TRT World Citizen, the philanthropic arm of Turkish public broadcaster TRT, has launched a new festival dedicated to human rights. The TRT World Citizen Humanitarian Film Festival, which opened Thursday in Istanbul, provides a platform for filmmakers to explore global humanitarian issues from a unique and creative perspective.
Many events, including film screenings and interviews, will be held during the two-day festival, where the issue of being refugees, hunger, war and humanitarian issues will be discussed.
Photographer, writer, producer and director Raşit Algül, who participated in the festival with his short film “Ronaldo,” told Anadolu Agency (AA) that the film he shot in 2020 was shown at online festivals due to the COVID-19 outbreak.
Featuring the story of a child refugee, Algül said: “The movie is based on an incident which actually happened to me. I was in Bodrum in 2019 for a job, and there was an intense migration flow by sea. Everything was happening in front of our eyes. We couldn’t do anything. We were just watching. I was very impressed by the news that came out there. I developed such a scenario.”
“There were great tragedies then. We were losing a lot of people and it was very sad. I shot the movie to draw attention to this.”
I have toured many festivals around the world.
“I hope my message has been delivered,” he added.
Also, expressing his happiness, Algül said: “I will watch my film on the screen for the first time here because all previous festivals were held online. It is very nice to be here now.”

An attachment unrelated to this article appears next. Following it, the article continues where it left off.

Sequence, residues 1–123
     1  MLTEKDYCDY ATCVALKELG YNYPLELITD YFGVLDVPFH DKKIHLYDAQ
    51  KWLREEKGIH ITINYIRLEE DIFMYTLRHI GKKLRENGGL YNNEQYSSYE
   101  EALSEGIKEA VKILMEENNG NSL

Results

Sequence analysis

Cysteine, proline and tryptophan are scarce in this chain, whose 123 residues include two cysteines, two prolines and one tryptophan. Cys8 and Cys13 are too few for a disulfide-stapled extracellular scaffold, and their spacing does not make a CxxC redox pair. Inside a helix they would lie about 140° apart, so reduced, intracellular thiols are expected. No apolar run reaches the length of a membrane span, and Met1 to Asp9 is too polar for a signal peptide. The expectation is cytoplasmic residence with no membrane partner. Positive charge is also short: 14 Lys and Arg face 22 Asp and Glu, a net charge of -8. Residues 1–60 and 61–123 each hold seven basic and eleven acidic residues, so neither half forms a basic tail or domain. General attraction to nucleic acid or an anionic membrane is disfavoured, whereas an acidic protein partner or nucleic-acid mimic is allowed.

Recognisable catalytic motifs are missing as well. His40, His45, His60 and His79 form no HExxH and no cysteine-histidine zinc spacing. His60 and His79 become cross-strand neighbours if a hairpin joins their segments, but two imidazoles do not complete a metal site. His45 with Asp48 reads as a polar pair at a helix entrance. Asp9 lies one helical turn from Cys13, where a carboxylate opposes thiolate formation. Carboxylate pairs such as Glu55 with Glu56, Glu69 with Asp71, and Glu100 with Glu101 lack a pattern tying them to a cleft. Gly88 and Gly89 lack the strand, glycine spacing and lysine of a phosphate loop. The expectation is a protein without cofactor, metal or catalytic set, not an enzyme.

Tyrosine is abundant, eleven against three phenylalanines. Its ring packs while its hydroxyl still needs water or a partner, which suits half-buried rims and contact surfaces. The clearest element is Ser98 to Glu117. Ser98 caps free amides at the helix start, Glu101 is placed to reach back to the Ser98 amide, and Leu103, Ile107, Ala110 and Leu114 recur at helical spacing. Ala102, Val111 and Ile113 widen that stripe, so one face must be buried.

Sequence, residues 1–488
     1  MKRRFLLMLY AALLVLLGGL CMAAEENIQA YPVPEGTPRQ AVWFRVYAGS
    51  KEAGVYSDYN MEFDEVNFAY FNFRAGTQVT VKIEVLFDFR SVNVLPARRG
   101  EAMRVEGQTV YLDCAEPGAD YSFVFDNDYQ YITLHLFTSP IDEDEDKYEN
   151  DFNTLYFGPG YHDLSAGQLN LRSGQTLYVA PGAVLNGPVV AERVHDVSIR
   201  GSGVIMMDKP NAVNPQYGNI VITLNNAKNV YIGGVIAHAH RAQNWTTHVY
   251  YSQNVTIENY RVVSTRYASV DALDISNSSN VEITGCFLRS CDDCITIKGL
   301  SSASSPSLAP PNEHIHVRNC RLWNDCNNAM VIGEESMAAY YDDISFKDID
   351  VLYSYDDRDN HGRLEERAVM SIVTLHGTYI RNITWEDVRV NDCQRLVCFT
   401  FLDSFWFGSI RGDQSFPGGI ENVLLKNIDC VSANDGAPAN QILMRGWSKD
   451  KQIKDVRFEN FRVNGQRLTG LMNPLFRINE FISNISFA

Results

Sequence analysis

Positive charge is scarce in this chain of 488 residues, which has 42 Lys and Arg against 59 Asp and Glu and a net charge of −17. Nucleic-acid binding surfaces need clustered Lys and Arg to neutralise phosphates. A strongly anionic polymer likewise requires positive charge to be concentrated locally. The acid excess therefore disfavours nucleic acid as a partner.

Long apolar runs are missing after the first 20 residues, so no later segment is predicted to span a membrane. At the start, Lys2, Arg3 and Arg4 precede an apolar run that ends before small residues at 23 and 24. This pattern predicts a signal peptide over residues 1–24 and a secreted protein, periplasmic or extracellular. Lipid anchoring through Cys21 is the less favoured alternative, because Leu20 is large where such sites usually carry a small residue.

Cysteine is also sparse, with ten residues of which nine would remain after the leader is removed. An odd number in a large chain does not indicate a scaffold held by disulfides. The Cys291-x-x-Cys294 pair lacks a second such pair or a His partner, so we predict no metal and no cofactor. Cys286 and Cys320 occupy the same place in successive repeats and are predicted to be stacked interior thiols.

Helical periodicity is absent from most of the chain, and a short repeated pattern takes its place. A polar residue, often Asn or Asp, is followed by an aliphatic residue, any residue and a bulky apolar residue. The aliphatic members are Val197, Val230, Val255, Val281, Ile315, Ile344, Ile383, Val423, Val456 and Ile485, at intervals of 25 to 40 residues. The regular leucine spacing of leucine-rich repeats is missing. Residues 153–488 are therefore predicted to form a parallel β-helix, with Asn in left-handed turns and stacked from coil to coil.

Festival dedicated to human rights
Participating in the festival from Canada with the film “Air Show,” director Maya Bastian said her film is a drama showing how refugees are affected by an international air show.
“In Toronto, we have an annual air show. They fly bombers and planes over the city for fun. But we also have many, many refugees. And so how are they affected when they come from a country that has bombing? How are they affected by this fun air show that everybody goes to enjoy? Bastian added.
Highlighting the importance of the Humanitarian Film Festival, she said: “I think this is a wonderful festival. It’s very rare in the world that you see a festival dedicated to human rights.”
“So it has been amazing to meet all these filmmakers and directors and actors who are very invested in human rights because it’s so important for the world. And it’s something that the entire world can understand and needs to think about,” she said.
A total of 16 films from various parts of the world, including Turkey, Iran, France, Canada, Italy, Spain, the United States and Senegal, will be screened.
Also, interviews with the directors of the semifinal films will take place in the festival’s workshops program.
At the end of the second day, the top three films will receive awards.